Discussion   Top


Erythrocytes tend to aggregate in the presence of plasma proteins, especially fibrinogen. [14] The event of erythrocyte aggregation is determined by opposing forces, the repulsive force between the negatively charged cells, the cell-to-cell adhesion induced by plasma protein and the disaggregating shear force generated by blood flow. [15],[16],[17],[18],[19] Erythrocyte aggregation is thus dependent both on plasma (extrinsic) factors and on cellular (intrinsic) factors. Normally the blood flow is sufficient for dispersion of erythrocyte aggregates, which is essential for normal tissue perfusion. In low flow states and other pathologic conditions, increased erythrocyte aggregations may contribute in general to circulating disorders and in particular to the microcirculation. [16]

Erythrocyte aggregation is increased in various conditions associated with inflammatory response, such as ischemic heart disease, acute myocardial infarction, acute ischemic stroke, and bacterial sepsis. [20],[21] Evaluation of erythrocyte aggregation is currently available to the clinicians only indirectly through the test of ESR. [8] This test was invented in 1897 by the Polish doctor Edmund Biernacki. It is also called Biernacki reaction. ESR is governed by the balance between prosedimentation factors, mainly fibrinogen and those factors remitting sedimentation, namely, the negative charge of the erythrocyte (Zeta potential). Where an inflammatory process is present, the high proportion of fibrinogen in the blood causes red blood cells to stick to each other. The red cells form stacks called "rouleaux," which settle faster. Rouleaux formation can also occur in association with some lymphoproliferative disorders, in which one or more immunoglobulins are found in high amounts. ESR correlates poorly with erythrocyte aggregation because of the confounding effects of hematocrit, plasma albumin, temperature, and hemodilution by anticoagulants. Furthermore, ESR does not differentiate between the erythrocyte tendency to aggregate because of cellular factors or of plasma factors. [16],[20],[22],[23]

Erythrocyte aggregation can be determined more accurately by commercially available systems, the Myrene Rheometer and the Laser-assisted optical rotation cell analyzer (LORCA), [24] which employs light transmission through erythrocyte suspension or light scattering to obtain indices of erythrocyte aggregation, expressed mainly, as the average aggregate size at a certain sheer stress. In addition, a cell flow analyzer (CFA) has been developed in the laboratory of Yedgar for monitoring erythrocyte aggregation by direct visualization of the aggregation process under controllable shear stress in a narrow gap flow chamber. The CFA analyzes the aggregate size distribution, namely, the percentage of the erythrocyte population in each aggregate size (expressed as the number of cells per aggregate) as a function of shear stress. [25],[26] However, they are expensive and need a well-established laboratory with expensive equipment.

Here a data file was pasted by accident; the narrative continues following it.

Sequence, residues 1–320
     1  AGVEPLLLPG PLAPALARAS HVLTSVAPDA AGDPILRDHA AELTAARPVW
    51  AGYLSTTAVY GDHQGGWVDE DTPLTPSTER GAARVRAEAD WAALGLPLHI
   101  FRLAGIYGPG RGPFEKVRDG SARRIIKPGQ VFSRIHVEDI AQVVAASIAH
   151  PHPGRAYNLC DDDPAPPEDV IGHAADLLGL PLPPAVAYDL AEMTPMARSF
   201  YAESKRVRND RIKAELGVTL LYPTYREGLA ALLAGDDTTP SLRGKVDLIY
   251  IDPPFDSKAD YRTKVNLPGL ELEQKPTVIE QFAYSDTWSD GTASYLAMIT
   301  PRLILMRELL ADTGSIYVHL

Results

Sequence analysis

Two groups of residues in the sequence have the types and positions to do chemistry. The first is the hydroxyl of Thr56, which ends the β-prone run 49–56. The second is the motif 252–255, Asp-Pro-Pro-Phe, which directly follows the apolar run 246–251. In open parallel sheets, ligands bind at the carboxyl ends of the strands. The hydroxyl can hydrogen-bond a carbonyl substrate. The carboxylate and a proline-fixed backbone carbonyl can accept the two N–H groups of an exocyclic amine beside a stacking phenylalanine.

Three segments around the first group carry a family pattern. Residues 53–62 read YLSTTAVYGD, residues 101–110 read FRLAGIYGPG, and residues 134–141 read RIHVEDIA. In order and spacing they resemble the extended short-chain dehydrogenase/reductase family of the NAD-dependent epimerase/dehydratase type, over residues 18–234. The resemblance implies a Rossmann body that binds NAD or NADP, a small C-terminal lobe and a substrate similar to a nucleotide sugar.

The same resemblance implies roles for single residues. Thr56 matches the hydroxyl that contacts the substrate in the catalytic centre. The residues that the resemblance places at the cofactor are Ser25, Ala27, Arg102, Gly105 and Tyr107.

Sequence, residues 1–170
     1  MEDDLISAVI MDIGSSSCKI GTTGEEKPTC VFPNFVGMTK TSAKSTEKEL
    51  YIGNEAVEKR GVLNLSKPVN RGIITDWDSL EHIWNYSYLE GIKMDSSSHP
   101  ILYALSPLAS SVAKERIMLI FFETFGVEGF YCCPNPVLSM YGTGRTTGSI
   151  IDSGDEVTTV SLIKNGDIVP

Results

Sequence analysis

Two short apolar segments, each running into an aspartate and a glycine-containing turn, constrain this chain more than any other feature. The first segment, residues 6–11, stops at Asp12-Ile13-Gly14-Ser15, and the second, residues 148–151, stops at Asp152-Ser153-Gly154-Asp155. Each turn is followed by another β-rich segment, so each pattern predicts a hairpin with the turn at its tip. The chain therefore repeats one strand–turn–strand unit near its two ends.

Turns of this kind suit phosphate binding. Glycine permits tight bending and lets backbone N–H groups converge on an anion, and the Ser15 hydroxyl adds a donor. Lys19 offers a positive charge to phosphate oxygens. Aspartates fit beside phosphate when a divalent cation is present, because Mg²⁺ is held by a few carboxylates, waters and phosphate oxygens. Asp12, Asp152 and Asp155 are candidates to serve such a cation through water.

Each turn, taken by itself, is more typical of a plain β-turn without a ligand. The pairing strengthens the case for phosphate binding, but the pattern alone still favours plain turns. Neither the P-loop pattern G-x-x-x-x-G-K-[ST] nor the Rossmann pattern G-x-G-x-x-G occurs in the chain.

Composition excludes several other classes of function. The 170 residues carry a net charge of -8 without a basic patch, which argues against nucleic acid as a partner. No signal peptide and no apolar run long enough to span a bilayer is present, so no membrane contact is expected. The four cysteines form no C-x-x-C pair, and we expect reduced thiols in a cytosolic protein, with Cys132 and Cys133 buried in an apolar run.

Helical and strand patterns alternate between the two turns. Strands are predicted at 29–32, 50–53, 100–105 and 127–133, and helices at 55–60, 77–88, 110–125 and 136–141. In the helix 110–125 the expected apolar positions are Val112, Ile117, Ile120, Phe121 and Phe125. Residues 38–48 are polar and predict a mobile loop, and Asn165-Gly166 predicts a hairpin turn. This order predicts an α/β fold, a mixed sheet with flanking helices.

The EAAT is based on the concept that multiple adhesive proteins are involved in the induction or maintenance of increased aggregation. The finding of enhanced aggregation means, the concentration of these proteins is increased and vice versa.[27]

A simple slide technique and image analyzer called INFLAMET (Inflammation meter) also called EAAT was designed by the Department of Internal Medicine, Tel Aviv University, Israel. [11] By this test, the state of erythrocyte aggregation can be determined and quantified. They suggested using the degree of erythrocyte aggregation in the peripheral blood as a quantitative measurement for the intensity of acute phase response. Image processing used by them was complex. Three variables were used: EP, AR (aggregation radius), and VR (vacuum radius). It needed sophisticated software, which was designed by them. [11] EP was defined as the proportion of image area occupied by the erythrocytes. In the study conducted by the Department of Gynecology, Tel Aviv University, in 15 patients of pelvic inflammatory disease, EP alone was taken as a variable to measure erythrocyte aggregation and obtained significant difference (P = 0.001) between subjects and controls. [28]

As per our availability, we quantified aggregation as EP in images as mentioned in methodology to compare the erythrocyte aggregation between subjects of acute myocardial infarction, acute ischemic stroke, and controls. A strong correlation was also found between erythrocyte aggregation and inflammatory state in unstable angina. Erythrocytes can initiate a potent atherogenic stimulus contributing to the deposition of cholesterol at the atherosclerotic plaque, and the redox changes of erythrocytes have been hypothesized to play a role in the pathogenesis of hypertension and stroke. [12],[13]

The present study used a simple slide test, the so-called EAAT to study erythrocyte aggregation in the peripheral blood of subjects with acute ischemic heart and brain disease. The study found a significant difference in the level of erythrocyte adhesiveness/aggregation among subjects of acute myocardial infarction, acute ischemic stroke, and controls. Slides were assessed subjectively by the pathologist who was blinded to the diagnosis and assigned grades A-D as described in Subjects and Methods section.

The study found that 50% (15 of 30) of patients of acute myocardial infarction and acute ischemic stroke had severe aggregation (ie, belonged to C and D grades), whereas only 6.6% (2 of 30) of control group had severe aggregation, so there was significant elevation (P < 0.001) of erythrocyte aggregation in subjects of acute myocardial infarction and acute ischemic stroke when compared with controls. The degree of aggregation was quantified by measuring EP (percentage of image area occupied by erythrocytes). Mean EP value in acute myocardial infarction was 69.91 + 13.25 and in subjects of acute stroke it was 70.59 + 11.30, whereas in controls mean EP was 85.16 + 8.417. There was a significant decrease in EP values in acute myocardial infarction and stroke as compared with controls (P < 0.001).